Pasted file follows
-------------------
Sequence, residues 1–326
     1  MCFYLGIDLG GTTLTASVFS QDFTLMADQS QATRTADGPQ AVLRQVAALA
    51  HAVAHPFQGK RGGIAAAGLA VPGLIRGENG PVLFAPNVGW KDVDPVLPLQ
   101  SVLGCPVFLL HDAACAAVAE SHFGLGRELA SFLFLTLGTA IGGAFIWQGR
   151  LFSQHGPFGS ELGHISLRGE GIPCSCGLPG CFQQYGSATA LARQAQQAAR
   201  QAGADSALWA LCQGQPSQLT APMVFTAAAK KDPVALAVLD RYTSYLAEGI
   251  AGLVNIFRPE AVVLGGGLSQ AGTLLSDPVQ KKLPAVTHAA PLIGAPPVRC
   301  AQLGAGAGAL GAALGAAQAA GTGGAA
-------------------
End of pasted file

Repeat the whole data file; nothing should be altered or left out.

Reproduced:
Sequence, residues 1–326
     1  MCFYLGIDLG GTTLTASVFS QDFTLMADQS QATRTADGPQ AVLRQVAALA
    51  HAVAHPFQGK RGGIAAAGLA VPGLIRGENG PVLFAPNVGW KDVDPVLPLQ
   101  SVLGCPVFLL HDAACAAVAE SHFGLGRELA SFLFLTLGTA IGGAFIWQGR
   151  LFSQHGPFGS ELGHISLRGE GIPCSCGLPG CFQQYGSATA LARQAQQAAR
   201  QAGADSALWA LCQGQPSQLT APMVFTAAAK KDPVALAVLD RYTSYLAEGI
   251  AGLVNIFRPE AVVLGGGLSQ AGTLLSDPVQ KKLPAVTHAA PLIGAPPVRC
   301  AQLGAGAGAL GAALGAAQAA GTGGAA